Updated from 2:43 p.m. EST
wants a federal judge to tear up contracts with three of its unions, reduce retiree health benefits and cancel its remaining defined-benefit pension plans.
The carrier, which is on its second trip through Chapter 11 bankruptcy protection this decade, filed a motion Friday with the U.S. Bankruptcy Court for the Eastern District of Virginia to reject collective bargaining agreements with the Association of Flight Attendants, or AFA; the Communications Workers of America, or CWA, which represents ticket-counter and gate agents as well as call-center workers; and the International Association of Machinists and Aerospace Workers, or IAM, which represents baggage handlers, mechanics and maintenance training instructors.
US Airways said the filing does not preclude the carrier from reaching consensual agreements with the three unions. "Our overwhelming preference is that we continue to negotiate and reach agreements with all of our unions," said Bruce Lakefield, the company's chief executive, in a press release. "We would also like to avoid litigation concerning our retiree and pension benefits, but in light of the financial issues facing the company early in 2005, this filing is an unfortunate but necessary step to keep our restructuring on track and to allow us to implement permanent cost reductions quickly."
The filing also seeks substantial reductions or elimination of company-paid retiree health benefits for all employees, including management, and the termination of defined-benefit pension plans currently in place.
In reaction, the AFA expressed outrage: "Management is moving to shred its contracts, while at the same time claiming that it would prefer a consensual agreement with its workers," said Perry Hayes, president of the AFA Master Executive Council at US Airways. "This naked attempt at intimidation demonstrates the company's contempt for its workers and for the collective bargaining process."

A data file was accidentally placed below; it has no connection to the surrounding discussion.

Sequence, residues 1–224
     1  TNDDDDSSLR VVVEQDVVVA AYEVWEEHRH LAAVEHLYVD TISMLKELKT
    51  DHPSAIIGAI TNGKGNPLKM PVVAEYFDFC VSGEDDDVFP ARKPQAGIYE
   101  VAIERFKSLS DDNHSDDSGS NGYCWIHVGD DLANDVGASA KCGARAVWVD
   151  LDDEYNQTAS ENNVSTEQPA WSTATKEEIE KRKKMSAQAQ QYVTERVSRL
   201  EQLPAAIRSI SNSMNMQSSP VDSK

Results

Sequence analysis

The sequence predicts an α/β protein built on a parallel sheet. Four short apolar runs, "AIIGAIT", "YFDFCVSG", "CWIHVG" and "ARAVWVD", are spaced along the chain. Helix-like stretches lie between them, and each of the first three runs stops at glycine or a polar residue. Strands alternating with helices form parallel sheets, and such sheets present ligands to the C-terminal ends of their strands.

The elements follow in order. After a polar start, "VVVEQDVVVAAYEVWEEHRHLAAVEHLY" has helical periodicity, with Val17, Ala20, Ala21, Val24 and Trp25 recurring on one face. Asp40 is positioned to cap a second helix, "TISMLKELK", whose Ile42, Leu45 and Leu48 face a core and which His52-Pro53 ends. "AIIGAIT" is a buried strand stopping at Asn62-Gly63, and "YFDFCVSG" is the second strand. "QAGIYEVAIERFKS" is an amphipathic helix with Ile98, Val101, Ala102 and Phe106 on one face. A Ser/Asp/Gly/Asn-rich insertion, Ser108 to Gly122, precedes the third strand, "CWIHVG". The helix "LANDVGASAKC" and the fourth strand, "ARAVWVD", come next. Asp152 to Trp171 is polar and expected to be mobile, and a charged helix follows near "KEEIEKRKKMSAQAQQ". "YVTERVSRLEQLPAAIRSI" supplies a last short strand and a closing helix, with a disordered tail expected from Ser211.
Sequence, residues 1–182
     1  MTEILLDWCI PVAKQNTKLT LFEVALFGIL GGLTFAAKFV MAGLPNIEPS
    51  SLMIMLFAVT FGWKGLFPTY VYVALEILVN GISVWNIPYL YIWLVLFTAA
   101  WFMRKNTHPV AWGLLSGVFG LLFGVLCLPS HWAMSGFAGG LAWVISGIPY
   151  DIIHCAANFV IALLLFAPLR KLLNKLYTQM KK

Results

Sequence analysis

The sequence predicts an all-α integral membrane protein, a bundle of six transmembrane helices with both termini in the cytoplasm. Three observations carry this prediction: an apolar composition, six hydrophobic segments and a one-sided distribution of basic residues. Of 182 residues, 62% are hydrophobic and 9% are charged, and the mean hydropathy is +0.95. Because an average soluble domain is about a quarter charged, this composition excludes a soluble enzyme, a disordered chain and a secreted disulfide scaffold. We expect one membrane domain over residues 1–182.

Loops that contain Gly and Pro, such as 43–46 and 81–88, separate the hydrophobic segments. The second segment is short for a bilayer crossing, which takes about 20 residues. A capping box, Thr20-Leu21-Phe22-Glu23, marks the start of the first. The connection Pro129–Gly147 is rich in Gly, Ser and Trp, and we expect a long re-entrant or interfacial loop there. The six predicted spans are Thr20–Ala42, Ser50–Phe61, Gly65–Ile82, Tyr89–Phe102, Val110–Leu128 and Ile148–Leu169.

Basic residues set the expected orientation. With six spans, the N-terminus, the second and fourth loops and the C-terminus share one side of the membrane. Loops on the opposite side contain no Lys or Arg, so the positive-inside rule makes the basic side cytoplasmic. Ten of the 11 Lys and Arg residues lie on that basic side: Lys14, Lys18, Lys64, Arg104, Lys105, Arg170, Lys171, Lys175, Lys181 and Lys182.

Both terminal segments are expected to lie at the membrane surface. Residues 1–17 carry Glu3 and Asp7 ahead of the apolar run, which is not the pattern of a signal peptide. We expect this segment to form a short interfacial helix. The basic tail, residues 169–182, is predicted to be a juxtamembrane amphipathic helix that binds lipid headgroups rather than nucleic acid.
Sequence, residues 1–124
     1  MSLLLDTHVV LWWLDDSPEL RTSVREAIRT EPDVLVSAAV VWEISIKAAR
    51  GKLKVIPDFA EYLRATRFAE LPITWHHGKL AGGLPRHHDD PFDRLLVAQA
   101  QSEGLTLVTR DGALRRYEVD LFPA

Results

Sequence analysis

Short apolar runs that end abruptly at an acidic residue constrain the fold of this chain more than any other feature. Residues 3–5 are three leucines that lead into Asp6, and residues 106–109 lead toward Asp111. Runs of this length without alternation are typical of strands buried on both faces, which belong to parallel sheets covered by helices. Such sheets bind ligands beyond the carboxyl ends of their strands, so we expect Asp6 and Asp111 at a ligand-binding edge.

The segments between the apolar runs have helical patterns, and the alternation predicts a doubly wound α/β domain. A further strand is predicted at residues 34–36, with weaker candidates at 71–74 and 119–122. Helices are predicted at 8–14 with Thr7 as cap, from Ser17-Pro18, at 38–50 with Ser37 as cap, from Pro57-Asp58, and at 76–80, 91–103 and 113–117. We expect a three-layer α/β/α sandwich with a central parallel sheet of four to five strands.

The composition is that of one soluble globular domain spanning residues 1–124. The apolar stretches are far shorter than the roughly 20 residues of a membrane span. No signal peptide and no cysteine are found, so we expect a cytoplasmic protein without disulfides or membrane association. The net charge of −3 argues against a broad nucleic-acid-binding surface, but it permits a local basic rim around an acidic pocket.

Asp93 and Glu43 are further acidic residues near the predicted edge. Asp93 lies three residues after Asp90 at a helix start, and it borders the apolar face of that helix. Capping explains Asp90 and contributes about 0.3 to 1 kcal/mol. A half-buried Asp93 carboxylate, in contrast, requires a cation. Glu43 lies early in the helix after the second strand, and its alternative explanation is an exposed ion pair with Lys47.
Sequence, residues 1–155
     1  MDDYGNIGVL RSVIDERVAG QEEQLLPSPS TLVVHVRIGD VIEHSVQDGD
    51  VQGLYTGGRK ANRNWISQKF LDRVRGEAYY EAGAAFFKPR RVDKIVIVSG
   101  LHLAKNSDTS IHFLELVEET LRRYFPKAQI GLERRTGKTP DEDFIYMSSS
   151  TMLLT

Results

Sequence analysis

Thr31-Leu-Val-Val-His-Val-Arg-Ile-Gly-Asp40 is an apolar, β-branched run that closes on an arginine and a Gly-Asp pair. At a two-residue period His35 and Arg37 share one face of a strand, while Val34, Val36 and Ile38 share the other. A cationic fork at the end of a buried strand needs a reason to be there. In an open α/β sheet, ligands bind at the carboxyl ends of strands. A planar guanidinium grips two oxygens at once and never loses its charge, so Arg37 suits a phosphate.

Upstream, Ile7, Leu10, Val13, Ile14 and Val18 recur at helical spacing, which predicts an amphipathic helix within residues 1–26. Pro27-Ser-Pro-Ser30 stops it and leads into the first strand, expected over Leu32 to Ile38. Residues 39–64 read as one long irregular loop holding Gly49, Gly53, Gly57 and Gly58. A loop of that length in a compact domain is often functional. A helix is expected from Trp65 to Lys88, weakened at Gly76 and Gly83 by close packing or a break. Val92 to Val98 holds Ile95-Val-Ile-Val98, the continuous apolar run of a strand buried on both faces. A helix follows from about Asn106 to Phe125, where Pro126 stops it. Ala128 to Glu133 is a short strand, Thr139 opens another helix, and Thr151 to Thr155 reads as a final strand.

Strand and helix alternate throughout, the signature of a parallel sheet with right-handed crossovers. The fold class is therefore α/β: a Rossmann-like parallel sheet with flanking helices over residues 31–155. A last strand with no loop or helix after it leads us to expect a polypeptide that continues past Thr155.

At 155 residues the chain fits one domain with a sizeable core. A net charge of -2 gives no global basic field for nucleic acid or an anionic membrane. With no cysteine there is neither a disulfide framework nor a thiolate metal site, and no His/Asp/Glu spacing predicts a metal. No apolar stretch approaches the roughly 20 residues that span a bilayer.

The CWA, meanwhile, said it wasn't surprised by the motion, as US Airways had indicated it would make such a move. "While notice of the motion went out, we were bargaining with the company this afternoon," said Candice Johnson, CWA spokeswoman. That's our focus -- reaching an agreement." Among past sticking points have been the company's wage cut proposals, including one in October for 34% reductions, Johnson said.
The airline has been targeting annual labor cuts in excess of $900 million as it seeks to emerge from bankruptcy protection in a much leaner form. Last month, it got about $300 million of those savings when its pilots agreed to a package of concessions that will cut pay by 18%, increase workloads and reduce company contributions to the pilots' retirement plan.
Some pilots, however, may have only voted "yes" to the package after the judge in the case granted the airline's request to temporarily cut pay for all union employees by 21% through Feb. 15. The airline had sought a larger 23% reduction, saying the interim relief permissible under a section of the bankruptcy code was necessary for it to continue through the winter.
US Airways stock finished Friday's session down 4 cents, or 4.7%, at 81 cents.